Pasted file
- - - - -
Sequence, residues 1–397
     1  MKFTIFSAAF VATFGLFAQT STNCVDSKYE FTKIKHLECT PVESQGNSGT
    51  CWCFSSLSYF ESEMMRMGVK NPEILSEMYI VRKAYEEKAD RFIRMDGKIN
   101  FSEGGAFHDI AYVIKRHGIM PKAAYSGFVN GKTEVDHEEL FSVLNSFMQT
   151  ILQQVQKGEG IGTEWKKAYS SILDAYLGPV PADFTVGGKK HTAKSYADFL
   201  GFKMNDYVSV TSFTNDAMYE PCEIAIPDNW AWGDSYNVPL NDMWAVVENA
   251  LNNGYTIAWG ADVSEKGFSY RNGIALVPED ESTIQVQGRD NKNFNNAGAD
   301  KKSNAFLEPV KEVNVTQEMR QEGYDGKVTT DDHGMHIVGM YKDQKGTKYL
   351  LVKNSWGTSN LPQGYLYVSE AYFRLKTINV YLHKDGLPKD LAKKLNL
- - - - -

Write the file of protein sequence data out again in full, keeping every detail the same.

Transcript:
Sequence, residues 1–397
     1  MKFTIFSAAF VATFGLFAQT STNCVDSKYE FTKIKHLECT PVESQGNSGT
    51  CWCFSSLSYF ESEMMRMGVK NPEILSEMYI VRKAYEEKAD RFIRMDGKIN
   101  FSEGGAFHDI AYVIKRHGIM PKAAYSGFVN GKTEVDHEEL FSVLNSFMQT
   151  ILQQVQKGEG IGTEWKKAYS SILDAYLGPV PADFTVGGKK HTAKSYADFL
   201  GFKMNDYVSV TSFTNDAMYE PCEIAIPDNW AWGDSYNVPL NDMWAVVENA
   251  LNNGYTIAWG ADVSEKGFSY RNGIALVPED ESTIQVQGRD NKNFNNAGAD
   301  KKSNAFLEPV KEVNVTQEMR QEGYDGKVTT DDHGMHIVGM YKDQKGTKYL
   351  LVKNSWGTSN LPQGYLYVSE AYFRLKTINV YLHKDGLPKD LAKKLNL